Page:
Industry-Wide Concern for Security Is At An All-Time High

Carlos Charry is the Director of Technology for SMMA. He says security has been a top concern for everybody. “One of our competitors got hit with ransomware a few years back. It made me look at our own situation and ask, ‘Are we prepared for this?’ I knew we weren’t ready.”

The level of security provided by IronOrbit – the firm’s cloud solution provider is far beyond anything they could have accomplished on their own. The entire IT infrastructure is protected by state-of-the-art firewalls, antivirus protocols, malware filters, and encryption. The security doesn’t stop there. There is an entire team of engineers, rotating around the clock, monitoring the data centers for any type of potential security threat.

But Carlos adds, “The question of security aside, you still have to keep up with technology. That means having your IT infrastructure on the cloud. The cloud provides faster updates. Just keeping all your applications up to date saves you a lot of trouble. Most of my time before the cloud was spent handling IT issues.  Things like the network not being responsive or our server going down. I spent time on things like that and couldn’t devote myself to what I truly love to do which is to improve our business processes. I want to make them better so the company can become ever more efficient.

Carlos continues, “The cloud has enabled us to hire anyone anywhere in the world. The employee just needs a PC and an Internet connection of some kind and they can utilize our tools. We currently have people working for us from Maine and New York. Since we’ve moved to the cloud, my headaches have been reduced. Once an employee is connected to the cloud, I don’t have to worry about it. I know the data is automatically being backed up. My worries are basically gone.”

FINDING THE RIGHT WAY TO COLLABORATE IS CRITICAL TO RUNNING AN EFFECTIVE BUSINESS

Jennifer says, “Working with Carlos, our IT director, we’re always looking for better ways to do our work. SMMA is a full-service design firm. Collaboration is the key to our success. Finding the right way to collaborate internally and collaborate with our clients is a critical part of running an effective business.

MOVING TO THE CLOUD. WHAT IS IT LIKE?

People were hesitant at first. The cloud environment is different from having your server on the premises. It’s different. “As we were going up to the cloud, and trying to figure out how to use it, they weren’t sure at first what to expect. Is it going to make my life better or worse? Finally, through effective collaboration and communication, we found it to be an invaluable tool. I find that I can access whatever I need wherever I am.  One of the things that surprised me was being at a client meeting and just being on wi-fi and act as if I were in the office. I’m able to pull up any document I need at any time. For example, I do a lot of government work. When I’m doing a client visit, I often don’t have wi-fi available to me. No worries. I just turn on the hotspot on my phone and still be able to open up a CAD drawing. You’d think that would be impossible to do, right? But it really works quite well.”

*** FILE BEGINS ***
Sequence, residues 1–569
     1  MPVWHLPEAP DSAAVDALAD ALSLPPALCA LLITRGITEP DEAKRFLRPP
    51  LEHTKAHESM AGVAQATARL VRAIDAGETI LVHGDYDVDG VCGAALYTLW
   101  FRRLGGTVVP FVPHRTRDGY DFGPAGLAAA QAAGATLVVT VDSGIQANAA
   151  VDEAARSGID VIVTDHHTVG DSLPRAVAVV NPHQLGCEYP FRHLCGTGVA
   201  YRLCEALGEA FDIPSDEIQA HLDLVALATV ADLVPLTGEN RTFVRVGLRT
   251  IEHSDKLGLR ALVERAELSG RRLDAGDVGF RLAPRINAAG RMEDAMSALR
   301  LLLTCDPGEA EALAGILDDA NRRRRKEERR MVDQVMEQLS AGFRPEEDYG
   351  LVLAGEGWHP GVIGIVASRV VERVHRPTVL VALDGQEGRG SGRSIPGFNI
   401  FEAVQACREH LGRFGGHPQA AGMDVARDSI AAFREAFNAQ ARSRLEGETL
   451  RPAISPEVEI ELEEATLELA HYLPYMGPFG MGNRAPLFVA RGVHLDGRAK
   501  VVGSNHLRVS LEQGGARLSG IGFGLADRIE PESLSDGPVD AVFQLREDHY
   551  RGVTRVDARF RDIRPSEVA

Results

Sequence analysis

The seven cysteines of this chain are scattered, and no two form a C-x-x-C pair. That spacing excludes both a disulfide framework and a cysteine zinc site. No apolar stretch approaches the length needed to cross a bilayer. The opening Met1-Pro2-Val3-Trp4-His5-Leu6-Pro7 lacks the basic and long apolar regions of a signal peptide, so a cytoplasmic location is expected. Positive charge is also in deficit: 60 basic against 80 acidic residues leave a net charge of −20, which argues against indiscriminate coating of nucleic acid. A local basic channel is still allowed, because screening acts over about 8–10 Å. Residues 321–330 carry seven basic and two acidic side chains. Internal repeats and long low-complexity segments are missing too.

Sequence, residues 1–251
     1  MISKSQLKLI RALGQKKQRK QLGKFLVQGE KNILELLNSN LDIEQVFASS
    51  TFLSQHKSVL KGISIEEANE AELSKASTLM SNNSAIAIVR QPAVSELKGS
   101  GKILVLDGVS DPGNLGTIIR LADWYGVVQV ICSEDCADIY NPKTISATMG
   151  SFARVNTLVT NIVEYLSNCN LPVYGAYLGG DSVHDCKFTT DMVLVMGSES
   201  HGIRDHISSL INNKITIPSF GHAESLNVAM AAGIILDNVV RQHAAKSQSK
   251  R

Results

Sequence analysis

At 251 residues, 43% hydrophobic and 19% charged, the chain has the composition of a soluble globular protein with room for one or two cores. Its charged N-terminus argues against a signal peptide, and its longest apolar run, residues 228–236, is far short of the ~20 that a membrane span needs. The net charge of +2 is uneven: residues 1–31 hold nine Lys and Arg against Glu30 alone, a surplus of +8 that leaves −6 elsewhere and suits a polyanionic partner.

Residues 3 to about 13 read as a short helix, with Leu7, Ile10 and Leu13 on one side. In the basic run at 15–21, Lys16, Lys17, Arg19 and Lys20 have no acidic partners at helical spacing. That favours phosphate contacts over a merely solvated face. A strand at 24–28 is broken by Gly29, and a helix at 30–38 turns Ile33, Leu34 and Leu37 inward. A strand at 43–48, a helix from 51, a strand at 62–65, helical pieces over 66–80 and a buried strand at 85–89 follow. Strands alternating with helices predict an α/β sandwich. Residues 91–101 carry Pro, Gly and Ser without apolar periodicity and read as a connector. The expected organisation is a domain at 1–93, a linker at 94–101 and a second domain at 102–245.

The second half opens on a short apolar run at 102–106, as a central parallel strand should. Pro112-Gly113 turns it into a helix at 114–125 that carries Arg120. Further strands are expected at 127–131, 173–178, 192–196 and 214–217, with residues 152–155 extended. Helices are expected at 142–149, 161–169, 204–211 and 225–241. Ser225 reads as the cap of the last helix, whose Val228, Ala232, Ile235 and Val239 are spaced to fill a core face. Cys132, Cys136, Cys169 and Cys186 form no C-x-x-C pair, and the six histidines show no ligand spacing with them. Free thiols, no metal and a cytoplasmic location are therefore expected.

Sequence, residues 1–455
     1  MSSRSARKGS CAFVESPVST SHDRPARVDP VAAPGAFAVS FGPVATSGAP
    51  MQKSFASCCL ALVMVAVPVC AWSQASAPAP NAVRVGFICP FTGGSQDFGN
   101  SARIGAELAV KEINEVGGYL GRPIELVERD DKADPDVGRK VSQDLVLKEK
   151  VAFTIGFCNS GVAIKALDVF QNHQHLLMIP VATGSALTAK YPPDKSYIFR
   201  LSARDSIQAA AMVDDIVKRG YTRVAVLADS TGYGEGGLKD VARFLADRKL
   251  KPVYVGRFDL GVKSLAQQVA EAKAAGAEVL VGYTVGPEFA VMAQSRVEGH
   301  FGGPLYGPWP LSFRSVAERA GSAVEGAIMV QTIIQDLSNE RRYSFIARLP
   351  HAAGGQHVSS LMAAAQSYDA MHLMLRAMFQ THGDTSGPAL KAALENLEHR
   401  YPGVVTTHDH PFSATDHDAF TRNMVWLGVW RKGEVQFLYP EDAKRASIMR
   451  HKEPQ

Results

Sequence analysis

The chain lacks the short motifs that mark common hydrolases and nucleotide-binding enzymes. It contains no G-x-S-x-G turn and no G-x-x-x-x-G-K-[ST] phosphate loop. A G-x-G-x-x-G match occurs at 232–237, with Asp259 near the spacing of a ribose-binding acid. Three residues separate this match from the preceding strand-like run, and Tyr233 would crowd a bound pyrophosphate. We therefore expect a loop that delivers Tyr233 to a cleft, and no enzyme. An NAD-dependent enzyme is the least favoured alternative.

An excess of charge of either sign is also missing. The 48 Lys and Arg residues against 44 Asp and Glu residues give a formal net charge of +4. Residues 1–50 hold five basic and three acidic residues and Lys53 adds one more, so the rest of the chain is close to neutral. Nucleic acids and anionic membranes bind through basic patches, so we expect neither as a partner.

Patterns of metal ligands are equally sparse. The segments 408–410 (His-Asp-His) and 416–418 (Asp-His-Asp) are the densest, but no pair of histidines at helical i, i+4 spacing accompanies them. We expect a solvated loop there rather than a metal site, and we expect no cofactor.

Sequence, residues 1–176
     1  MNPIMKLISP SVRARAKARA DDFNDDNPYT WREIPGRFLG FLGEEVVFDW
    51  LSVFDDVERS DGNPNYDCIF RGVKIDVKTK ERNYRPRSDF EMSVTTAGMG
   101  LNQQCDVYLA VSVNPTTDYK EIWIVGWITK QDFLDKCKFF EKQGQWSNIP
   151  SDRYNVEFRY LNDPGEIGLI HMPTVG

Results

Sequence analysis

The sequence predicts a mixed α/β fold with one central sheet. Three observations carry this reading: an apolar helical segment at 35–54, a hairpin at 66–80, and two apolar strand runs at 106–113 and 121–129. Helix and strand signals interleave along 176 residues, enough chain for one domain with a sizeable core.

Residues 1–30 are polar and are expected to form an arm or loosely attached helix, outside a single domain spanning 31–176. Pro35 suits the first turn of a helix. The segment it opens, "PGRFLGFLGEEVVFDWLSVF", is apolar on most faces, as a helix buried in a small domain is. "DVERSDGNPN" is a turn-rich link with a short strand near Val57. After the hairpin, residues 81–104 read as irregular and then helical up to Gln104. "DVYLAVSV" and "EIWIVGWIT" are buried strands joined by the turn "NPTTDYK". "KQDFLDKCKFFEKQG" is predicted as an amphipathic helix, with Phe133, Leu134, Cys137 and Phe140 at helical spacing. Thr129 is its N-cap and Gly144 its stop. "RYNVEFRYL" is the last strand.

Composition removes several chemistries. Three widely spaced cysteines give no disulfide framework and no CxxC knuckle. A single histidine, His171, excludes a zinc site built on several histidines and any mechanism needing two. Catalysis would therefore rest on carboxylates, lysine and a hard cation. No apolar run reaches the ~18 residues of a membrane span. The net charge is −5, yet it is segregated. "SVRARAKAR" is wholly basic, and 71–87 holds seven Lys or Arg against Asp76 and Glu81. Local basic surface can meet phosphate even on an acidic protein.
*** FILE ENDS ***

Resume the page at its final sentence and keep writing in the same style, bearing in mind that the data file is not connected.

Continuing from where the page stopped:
Being able to be remote and share a CAD drawing on your laptop using the hotspot on a smartphone is amazing. “You think it’d be impossible, but it actually works very well.”

 

Hector Inirio is the Design Technologist. He says, “That the most attractive aspect of moving to the cloud was a blend of things. There are many aspects of advanced IT that are beyond our expertise such as high-end security threats. Ransomware is a good example. I really liked the fact that cloud technology democratized our computer systems. We’re not transferring any data from our local workstations. The workstations themselves, really become more like dumb terminals. So, no matter what kind the computer was at a particular desk, they all now respond like high-end machines.  Previously, due to cost, we’d only have some users on higher-end machines. The ones who didn’t need the computing power were working on equipment with less computing power. Now, all of them respond with higher specs.”

“I really liked that cloud technology democratized our computer systems. It made all of them perform like higher spec machines” – Hector Inirio

The computer terminals become virtual desktops because they are hosted by the external cloud server. Any slowness or frustrations you’ve experienced with your current Internet connection go away. Once users log in to the hosted desktop you’re using bandwidth from the cloud. There are separate gigabyte connections to the Internet. Your bandwidth virtually becomes unlimited.

The technology needed to aid the construction industry’s complex workflows hadn’t become available until the past few years. There are now plenty of SaaS solutions available to make full use of what cloud technology offers. Most contractors are implementing cloud solutions. The few who are not risk losing any competitive edge they had. These firms are also in danger of becoming irrelevant as technology advances at exponential rates. They simply won’t be able to keep up. Remaining current with the speed of technology means being able to focus on human capital.  These are qualities like talent, skills, know-how, empathy, and creativity. All of these are undervalued human assets to unlock. You won’t be able to leverage this human capital if you’re stuck in the mud because your technology isn’t current.